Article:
At the top of each minute (including the first minute) 4 Burpees
20 Thrusters 95/65
20 Sumo Deadlift High Pull
20 Push Jerks
20 Overhead Squats
20 Front Squats
My favorite quote in this article references dieters “backstroking against an endless sea of donuts”. While we don’t necessarily prescribe to any diet plan in particular, including the Paleo diet and Whole30, this author makes a lot of good points that I think are important to consider this time of year. I’m sure many of you have new years resolutions that are fitness related. While we are excited to see your renewed enthusiasm, we really want to stress sustainability. Whether we are talking about how many times per week you come into the gym to WOD or food, it is important to find a plan that works for you and isn’t just a quick fix to shed a few pounds.
That’s me on the left in September of 2010, deadlifting 145 pounds (about 65kg). And there’s me on the right just a few days ago, pulling 320 pounds (145kg). A lot can change in five years.
That’s how long it’s been since I started this Paleo way of eating. In that time, my career and sport of choice have changed, I launched this website, I wrote two books about Paleo nutrition (one comes out next week), and I’ve learned a ton about life. I’ve made a boatload of mistakes, but I’ve had a lot of successes, too.
Probably the most profound thing I’ve experienced is how Paleo’s morphed from a very strict yes / no list to something that’s 100% sustainable as a way of life. It’s how I live my every day, and it’s something I plan to keep doing…no end date in sight. No quick fix. No “lose seven pounds in seven days” mentality. No.
Instead, my goals are to be healthy, happy and harder to kill. (Not necessarily in that order.)
I “went Paleo” on January 10, 2010, a full year and a half before this blog existed. (Fun fact: I was writing and sharing recipes on my old blog far before that. Friends told me I should just make a food blog. True story.) I used to race mountain bikes, and two good friends of mine were talking about Paleo. It sounded crazy to me, but I read about it and decided to give it a try. So, I had my holiday fun and on 01-10-10, I started.
How I eat today has definitely evolved. The lessons I’ve learned from five years of experimentation and tweaking are innumerable, so I’ve picked just the top five things to share with you. They’re nuggets I wish to pass along to you and to anyone getting started with—or veteran to—Paleo.
You could also call this post, “Don’t Make the Same Silly Mistakes I Did,” but even with the most sage advice, there’s nothing like experiential learning. To paraphrase 37 Signals in their book Rework, “Mistakes are feedback.” They’re like data that we can use to adjust course. How freaking cool is that?
Anyhow, here are a few of the top 5 paleo lessons I’ve learned in the past five years.
Lesson #1: Perfection is NOT the name of the game.
I get it. When you first get started, there’s a delicate balance to be struck between staying true to the plan versus backstroking across an endless sea of donuts. And for some of us, the line between those seems about a millimeter wide.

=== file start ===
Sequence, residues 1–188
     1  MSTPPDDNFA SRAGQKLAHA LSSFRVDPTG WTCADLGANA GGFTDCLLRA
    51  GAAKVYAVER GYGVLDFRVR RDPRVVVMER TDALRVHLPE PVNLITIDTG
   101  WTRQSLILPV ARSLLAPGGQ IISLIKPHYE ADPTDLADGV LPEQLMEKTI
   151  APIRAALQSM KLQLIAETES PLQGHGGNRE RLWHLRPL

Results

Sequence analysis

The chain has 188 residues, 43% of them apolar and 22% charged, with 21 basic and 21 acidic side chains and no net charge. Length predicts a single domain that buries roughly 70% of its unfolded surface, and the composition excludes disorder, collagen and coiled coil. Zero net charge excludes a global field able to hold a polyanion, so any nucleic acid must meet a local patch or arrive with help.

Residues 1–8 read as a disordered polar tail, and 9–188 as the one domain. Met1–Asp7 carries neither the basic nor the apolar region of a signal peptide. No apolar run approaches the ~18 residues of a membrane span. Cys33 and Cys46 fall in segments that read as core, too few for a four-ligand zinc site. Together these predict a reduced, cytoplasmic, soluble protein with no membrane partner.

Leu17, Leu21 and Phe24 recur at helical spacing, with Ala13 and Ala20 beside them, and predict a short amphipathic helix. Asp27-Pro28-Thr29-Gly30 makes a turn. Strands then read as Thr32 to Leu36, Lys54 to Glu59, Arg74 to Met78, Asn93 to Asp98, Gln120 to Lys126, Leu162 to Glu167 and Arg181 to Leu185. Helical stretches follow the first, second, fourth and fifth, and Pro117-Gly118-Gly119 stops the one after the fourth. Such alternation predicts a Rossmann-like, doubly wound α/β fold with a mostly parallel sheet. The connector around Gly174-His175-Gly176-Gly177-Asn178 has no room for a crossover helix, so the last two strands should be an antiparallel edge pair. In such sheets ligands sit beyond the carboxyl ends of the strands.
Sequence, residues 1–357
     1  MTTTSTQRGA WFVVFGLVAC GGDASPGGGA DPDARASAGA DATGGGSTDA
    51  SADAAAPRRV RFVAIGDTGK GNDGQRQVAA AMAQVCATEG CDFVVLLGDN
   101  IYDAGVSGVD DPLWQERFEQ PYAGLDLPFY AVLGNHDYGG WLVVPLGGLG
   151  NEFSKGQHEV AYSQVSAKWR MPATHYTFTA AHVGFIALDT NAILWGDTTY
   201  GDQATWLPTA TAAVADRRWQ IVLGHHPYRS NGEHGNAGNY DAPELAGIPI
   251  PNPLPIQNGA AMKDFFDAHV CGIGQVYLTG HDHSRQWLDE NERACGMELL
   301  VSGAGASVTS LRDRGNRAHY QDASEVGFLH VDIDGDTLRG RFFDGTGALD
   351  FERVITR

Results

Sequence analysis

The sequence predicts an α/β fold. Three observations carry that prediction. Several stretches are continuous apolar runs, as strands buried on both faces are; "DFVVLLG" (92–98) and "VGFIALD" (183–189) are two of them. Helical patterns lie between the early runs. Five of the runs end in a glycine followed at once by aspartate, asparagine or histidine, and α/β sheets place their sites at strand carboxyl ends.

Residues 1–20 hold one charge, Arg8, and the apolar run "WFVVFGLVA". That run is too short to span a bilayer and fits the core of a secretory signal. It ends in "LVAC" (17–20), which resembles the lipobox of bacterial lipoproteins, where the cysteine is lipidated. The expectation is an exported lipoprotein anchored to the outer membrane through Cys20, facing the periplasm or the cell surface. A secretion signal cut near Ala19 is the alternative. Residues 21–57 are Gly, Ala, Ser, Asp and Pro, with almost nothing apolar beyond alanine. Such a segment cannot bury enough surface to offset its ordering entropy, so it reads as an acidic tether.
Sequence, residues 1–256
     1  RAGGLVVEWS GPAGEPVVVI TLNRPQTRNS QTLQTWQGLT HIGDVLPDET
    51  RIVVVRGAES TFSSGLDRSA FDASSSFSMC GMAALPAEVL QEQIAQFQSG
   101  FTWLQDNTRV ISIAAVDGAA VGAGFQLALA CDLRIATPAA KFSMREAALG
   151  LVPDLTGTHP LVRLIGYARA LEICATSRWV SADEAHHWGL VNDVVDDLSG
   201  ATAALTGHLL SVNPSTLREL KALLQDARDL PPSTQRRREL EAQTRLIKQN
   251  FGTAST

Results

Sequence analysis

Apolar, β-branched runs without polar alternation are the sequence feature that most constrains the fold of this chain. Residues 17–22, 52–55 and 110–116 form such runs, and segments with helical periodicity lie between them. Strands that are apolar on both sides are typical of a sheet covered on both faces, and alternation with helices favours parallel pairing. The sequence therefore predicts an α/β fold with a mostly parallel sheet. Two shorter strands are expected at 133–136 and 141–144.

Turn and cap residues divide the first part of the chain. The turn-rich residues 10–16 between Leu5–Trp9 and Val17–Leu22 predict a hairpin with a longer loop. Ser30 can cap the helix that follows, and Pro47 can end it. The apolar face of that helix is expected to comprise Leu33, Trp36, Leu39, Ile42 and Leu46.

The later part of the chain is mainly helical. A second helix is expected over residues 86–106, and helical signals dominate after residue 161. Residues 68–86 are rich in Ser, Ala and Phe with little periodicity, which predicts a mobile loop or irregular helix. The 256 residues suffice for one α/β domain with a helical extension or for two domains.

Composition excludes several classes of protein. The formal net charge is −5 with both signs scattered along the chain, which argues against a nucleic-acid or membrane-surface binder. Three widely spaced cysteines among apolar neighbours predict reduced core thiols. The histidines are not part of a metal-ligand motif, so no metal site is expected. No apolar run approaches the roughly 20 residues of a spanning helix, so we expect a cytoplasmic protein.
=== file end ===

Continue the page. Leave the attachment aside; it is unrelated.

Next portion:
Maybe you’re worried that you’ll slip up forever and end up in some Twilight Zone version of a Betty Crocker nightmare, unable to escape a vortex of treats sucking you in. Maybe you’re trying really hard to exercise willpower instead of changing the mental framework you have around nutrition and adjusting your habits correspondingly. Eventually it peters out and leaves you exhausted, reaching for the phone to order takeout again.
So in order to “stay on track” you pour every ounce of energy into being perfect. You try to stick stringently to a yes / no list of food for a very long period of time. You berate yourself or feel guilty when you deviate from the list. You judge your self-worth on how perfectly you’re eating. [Note: I am not referring to folks like Celiacs who need to avoid gluten at all costs, people doing short-term plans like Whole30, or those trying to manage autoimmune conditions through dietary intervention.]
How do I know what this is like? It used to be me.
I was really concerned with sticking to the yes / no list of foods I found in a book. What resulted was me not eating the foods I needed to support my goals. Specifically, I was too low carb as an athlete who was training upwards of 20 hours a week. I wasn’t eating enough protein. I could ride for hours, but I was weak as a baby. The only thing that saved me from messed up menstrual cycles was being on birth control pills. While my health was a lot better compared to when I wasn’t eating Paleo, I was missing out on my body’s own signals and what I needed to be healthier because I was so hell-bent on sticking to a list.
Don’t be like me.
Use a yes / no list as a basic framework to get started, but realize it’s a guideline. You will have to tweak that framework as your health and goals change. You will go off-plan at some point. You are not a bad, stupid, weak person because of it. You are a human living life in the real world, not in a bubble. Being stressed about your diet is one of the biggest mistakes you can make.
If you root the vast majority of what you’re eating in meat, seafood, eggs; veggies and fruits; and healthy fats and do that long-term, that’s where the magic happens. Discipline and perfection are not the same thing. Make sense?
Take-away action: Change your mindset from, “I’m on a diet where I’m restricted and have to give up all the foods I liked,” to, “I’m choosing delicious foods that are nourishing me from the inside out.” Create new habits to support your mindset change, such as devoting time on Sunday to prep food for the week ahead. Learn how foods actually affect you personally and adjust your framework from there. (For more on that, see Lesson #2.)
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